It shouldn’t surprise you that Jesus frequented Bethany. He was drawn to the outsiders. During the final week of his life, when he was in the temple courts every day, in the evening he walked down the southern stairs out of the temple, through the Kidron Valley, up the Mount of Olives, and over the crest to Bethany to eat and sleep. It was probably where he stayed every time he came to Jerusalem from boyhood through his ministry, right there in Palestine’s version of the Island of Misfit Toys.

Among those misfits lived three siblings Jesus dearly loved. We know of at least two dinner parties Jesus attended in their home. They seemed to be more prominent and wealthy than most other Bethanians. As far as we know all three were unmarried, who probably felt as singles often feel today – left out. Jesus was single too, and he seemed comfortable relaxing, eating, and sleeping in their home as a guest. The best guess of their birth order was Martha, the oldest and most responsible, then Mary, the middle child and most relational. In both dinner parties Jesus attended in their home, Martha is working in the kitchen and serving the food, while Mary is just hanging out with Jesus. Lazarus was apparently their younger brother. He gets little attention and we never hear of one thing he did or said. What matters is that Jesus loved him. He may have been about Jesus’ age – in his late 20s or early 30s. For Jesus, Lazarus’ death is personal.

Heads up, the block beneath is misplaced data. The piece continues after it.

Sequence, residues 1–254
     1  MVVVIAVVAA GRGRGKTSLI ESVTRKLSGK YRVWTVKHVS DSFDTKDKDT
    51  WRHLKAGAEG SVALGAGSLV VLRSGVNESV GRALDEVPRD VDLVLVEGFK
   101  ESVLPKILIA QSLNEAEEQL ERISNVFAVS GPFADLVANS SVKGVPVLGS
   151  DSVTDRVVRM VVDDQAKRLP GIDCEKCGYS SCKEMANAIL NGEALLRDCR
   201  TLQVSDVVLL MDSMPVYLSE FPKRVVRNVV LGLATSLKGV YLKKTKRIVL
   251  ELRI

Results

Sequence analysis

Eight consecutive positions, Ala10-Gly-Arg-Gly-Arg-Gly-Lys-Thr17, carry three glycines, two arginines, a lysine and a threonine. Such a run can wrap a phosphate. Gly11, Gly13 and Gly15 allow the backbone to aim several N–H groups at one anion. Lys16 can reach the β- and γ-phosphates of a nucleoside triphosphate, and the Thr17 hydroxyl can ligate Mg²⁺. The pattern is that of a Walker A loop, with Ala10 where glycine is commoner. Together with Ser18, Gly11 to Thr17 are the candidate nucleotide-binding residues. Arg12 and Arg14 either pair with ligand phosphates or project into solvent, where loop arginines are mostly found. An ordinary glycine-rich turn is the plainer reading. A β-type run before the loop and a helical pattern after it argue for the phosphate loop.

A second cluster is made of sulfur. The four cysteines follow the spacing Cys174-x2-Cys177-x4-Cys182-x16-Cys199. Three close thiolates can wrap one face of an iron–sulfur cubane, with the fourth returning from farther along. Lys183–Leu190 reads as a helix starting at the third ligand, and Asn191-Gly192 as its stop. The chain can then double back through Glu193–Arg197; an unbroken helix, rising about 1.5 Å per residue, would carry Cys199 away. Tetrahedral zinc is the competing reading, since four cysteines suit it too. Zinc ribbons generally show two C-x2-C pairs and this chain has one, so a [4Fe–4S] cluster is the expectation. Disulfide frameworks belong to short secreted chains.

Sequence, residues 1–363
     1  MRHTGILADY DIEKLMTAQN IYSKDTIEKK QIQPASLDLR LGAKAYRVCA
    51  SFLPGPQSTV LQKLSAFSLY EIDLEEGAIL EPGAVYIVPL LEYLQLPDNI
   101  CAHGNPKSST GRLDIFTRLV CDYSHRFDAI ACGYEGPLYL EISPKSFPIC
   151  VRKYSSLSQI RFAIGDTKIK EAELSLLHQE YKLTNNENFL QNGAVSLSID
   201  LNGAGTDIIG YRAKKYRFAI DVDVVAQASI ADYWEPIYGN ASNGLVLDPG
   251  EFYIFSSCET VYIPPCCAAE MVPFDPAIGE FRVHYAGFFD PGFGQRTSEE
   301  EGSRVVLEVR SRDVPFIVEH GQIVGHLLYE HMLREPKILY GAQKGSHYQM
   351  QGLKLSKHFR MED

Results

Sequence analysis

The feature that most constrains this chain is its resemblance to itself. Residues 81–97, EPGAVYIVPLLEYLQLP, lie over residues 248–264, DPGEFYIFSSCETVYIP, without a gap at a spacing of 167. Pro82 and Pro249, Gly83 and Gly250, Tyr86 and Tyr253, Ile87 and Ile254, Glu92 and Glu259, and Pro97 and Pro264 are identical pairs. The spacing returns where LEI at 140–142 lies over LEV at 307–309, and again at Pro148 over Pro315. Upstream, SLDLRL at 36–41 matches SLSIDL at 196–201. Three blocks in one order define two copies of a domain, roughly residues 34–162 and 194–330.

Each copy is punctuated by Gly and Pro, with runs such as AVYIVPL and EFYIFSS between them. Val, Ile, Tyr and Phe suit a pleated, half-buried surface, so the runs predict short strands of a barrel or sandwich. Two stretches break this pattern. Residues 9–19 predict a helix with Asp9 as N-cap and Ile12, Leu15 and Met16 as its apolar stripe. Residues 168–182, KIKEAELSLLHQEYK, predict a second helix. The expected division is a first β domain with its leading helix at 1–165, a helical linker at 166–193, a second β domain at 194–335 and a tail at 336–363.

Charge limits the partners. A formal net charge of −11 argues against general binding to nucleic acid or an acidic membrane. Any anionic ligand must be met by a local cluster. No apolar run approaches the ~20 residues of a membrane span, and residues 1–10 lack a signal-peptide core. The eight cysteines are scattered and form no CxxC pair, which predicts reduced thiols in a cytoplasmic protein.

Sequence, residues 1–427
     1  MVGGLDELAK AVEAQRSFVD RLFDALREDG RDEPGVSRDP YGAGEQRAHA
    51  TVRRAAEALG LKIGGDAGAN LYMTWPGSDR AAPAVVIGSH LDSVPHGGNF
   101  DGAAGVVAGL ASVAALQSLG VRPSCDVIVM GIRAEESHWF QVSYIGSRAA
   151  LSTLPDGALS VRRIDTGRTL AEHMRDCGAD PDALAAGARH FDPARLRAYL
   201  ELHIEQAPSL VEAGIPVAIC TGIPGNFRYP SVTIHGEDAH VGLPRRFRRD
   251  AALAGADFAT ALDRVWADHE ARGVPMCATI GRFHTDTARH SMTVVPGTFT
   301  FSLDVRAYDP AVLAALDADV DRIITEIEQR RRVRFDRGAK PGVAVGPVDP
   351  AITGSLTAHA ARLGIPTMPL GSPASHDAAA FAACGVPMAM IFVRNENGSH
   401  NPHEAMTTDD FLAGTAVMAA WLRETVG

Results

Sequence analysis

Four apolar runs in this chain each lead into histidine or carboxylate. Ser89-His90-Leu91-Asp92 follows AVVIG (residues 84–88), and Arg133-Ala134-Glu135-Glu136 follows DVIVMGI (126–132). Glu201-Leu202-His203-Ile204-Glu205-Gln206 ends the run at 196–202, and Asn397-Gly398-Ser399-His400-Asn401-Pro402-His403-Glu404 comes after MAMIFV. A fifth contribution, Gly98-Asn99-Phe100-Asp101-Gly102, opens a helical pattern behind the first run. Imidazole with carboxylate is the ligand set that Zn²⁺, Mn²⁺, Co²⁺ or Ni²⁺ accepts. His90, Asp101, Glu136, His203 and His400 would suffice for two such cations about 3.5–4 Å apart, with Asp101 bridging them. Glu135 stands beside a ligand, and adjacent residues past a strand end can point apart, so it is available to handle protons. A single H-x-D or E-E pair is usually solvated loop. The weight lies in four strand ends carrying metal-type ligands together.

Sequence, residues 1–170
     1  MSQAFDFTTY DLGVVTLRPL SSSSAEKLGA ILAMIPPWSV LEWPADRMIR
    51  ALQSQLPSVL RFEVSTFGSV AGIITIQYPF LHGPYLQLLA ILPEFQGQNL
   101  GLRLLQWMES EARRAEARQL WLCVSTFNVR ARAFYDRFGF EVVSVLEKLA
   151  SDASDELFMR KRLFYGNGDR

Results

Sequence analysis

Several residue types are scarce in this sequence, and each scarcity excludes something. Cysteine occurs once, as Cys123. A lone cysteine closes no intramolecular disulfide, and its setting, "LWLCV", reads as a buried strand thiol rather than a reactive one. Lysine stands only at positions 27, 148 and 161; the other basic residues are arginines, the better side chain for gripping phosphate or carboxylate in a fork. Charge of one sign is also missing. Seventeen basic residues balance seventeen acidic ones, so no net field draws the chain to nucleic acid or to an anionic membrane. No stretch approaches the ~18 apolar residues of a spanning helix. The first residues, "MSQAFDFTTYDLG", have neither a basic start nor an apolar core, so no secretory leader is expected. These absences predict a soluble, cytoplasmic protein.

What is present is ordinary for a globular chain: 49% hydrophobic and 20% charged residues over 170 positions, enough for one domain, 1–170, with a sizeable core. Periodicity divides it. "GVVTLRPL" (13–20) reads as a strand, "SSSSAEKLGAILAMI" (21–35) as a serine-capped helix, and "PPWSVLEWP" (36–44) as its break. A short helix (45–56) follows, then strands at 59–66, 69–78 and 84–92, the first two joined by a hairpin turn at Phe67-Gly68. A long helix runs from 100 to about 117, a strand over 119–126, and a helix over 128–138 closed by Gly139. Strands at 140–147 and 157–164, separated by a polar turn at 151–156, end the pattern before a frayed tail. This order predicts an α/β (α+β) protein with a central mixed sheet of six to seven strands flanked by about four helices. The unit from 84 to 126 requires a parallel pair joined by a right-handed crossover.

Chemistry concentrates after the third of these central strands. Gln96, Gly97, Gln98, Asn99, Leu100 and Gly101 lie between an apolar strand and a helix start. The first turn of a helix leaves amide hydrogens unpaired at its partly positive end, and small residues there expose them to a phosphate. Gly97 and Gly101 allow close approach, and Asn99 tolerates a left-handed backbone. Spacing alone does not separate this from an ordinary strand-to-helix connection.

We don’t know exactly where Jesus is when Martha and Mary send word their brother was sick, but he is apparently between two and four days’ walk away. There is no “Come quick!” demand from the sisters to their famous rabbi friend, but it still seems odd that Jesus delays two days. He seems rather callous, taking his time and making puzzling statements about “twelve hours of daylight” and how “Lazarus has fallen asleep” and how he was glad he wasn’t there when Lazarus died because it would help them believe. His disciples, meanwhile, recall that the last time they accompanied Jesus to Judea he almost got stoned for blasphemy. Thomas blurts out, “Whatever! Let’s go there and die with Lazarus.”